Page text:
39. The massive terms-of-trade shock requires the government to carefully monitor macrofinancial linkages that could amplify its economic impact. The regional and national authorities need to aggressively address currently troubled public banks. In addition, and considering the dominance of oil and government activities to bank creditors, the entire banking system needs to be closely monitored, focusing on the likely increase in NPLs. The financial sector’s resilience to macroeconomic shocks needs to be enhanced, by promoting economic diversification which would foster the diversification of the banking sector’s lending portfolio. At the same time, the authorities should not lose track of their long-term goals to promote financial deepening and inclusion.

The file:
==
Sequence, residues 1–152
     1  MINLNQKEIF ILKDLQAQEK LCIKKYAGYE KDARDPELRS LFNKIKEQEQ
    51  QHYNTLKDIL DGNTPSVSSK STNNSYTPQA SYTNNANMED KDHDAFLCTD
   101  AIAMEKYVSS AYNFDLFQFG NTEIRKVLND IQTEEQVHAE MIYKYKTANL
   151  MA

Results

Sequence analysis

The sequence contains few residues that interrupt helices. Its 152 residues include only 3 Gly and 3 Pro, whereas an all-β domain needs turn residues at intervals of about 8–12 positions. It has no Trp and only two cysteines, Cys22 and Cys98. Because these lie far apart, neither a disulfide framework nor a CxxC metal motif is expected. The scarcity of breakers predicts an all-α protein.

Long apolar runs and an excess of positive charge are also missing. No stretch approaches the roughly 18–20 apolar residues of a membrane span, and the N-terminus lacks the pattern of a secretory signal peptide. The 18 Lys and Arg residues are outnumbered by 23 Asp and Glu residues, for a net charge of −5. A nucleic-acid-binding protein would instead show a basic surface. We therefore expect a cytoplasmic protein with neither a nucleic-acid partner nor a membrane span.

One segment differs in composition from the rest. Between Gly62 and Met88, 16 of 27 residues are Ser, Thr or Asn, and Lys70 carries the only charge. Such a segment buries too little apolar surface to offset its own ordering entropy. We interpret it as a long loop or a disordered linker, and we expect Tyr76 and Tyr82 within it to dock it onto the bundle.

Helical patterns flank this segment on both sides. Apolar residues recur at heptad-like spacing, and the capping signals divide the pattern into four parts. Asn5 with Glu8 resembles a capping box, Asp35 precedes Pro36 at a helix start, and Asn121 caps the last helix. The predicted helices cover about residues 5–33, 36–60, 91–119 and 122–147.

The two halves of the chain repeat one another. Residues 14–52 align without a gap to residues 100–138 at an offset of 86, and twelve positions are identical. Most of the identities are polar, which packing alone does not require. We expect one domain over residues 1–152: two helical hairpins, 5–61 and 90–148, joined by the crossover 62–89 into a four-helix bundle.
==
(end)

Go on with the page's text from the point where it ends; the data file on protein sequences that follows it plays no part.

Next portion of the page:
40. Fiscal adjustment should take into account the evident need to foster Gabon’s economic diversification and reduce its vulnerability to oil price fluctuations. In the present tight budgetary context, the authorities should aim to maximize the return on limited resources and avoid incentives for investors, while focusing spending on infrastructure development, prioritizing horizontal, productivity-boosting structural reforms, notably in the areas of education, infrastructure, institutions, labor flexibility, bureaucratic procedures, anti-corruption, and AML/CFT. Gabon could also advocate for CEMAC external trade liberalization, as well as deeper intraregional integration. Such productivity enhancing measures are also needed to address current real exchange rate overvaluation.